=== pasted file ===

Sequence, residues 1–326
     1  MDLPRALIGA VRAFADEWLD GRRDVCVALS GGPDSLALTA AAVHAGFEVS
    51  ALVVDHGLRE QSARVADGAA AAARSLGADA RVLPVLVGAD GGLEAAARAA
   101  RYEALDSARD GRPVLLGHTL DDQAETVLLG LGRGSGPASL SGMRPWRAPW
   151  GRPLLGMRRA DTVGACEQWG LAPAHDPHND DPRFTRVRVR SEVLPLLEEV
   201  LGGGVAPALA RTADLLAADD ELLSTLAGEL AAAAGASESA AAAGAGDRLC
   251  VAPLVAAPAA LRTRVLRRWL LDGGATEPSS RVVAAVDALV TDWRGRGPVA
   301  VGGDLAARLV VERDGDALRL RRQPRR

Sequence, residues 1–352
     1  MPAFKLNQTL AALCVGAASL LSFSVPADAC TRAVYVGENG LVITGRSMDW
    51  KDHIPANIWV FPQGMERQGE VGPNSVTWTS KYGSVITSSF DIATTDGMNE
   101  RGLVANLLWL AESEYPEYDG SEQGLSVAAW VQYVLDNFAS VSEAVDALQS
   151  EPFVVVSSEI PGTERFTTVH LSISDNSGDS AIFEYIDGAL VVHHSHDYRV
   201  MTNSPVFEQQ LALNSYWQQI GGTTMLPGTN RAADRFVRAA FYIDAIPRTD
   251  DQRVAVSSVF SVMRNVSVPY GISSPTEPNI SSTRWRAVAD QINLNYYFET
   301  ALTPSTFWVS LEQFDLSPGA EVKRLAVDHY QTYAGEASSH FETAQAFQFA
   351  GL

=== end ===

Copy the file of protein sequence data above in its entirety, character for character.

Sequence, residues 1–326
     1  MDLPRALIGA VRAFADEWLD GRRDVCVALS GGPDSLALTA AAVHAGFEVS
    51  ALVVDHGLRE QSARVADGAA AAARSLGADA RVLPVLVGAD GGLEAAARAA
   101  RYEALDSARD GRPVLLGHTL DDQAETVLLG LGRGSGPASL SGMRPWRAPW
   151  GRPLLGMRRA DTVGACEQWG LAPAHDPHND DPRFTRVRVR SEVLPLLEEV
   201  LGGGVAPALA RTADLLAADD ELLSTLAGEL AAAAGASESA AAAGAGDRLC
   251  VAPLVAAPAA LRTRVLRRWL LDGGATEPSS RVVAAVDALV TDWRGRGPVA
   301  VGGDLAARLV VERDGDALRL RRQPRR

Sequence, residues 1–352
     1  MPAFKLNQTL AALCVGAASL LSFSVPADAC TRAVYVGENG LVITGRSMDW
    51  KDHIPANIWV FPQGMERQGE VGPNSVTWTS KYGSVITSSF DIATTDGMNE
   101  RGLVANLLWL AESEYPEYDG SEQGLSVAAW VQYVLDNFAS VSEAVDALQS
   151  EPFVVVSSEI PGTERFTTVH LSISDNSGDS AIFEYIDGAL VVHHSHDYRV
   201  MTNSPVFEQQ LALNSYWQQI GGTTMLPGTN RAADRFVRAA FYIDAIPRTD
   251  DQRVAVSSVF SVMRNVSVPY GISSPTEPNI SSTRWRAVAD QINLNYYFET
   301  ALTPSTFWVS LEQFDLSPGA EVKRLAVDHY QTYAGEASSH FETAQAFQFA
   351  GL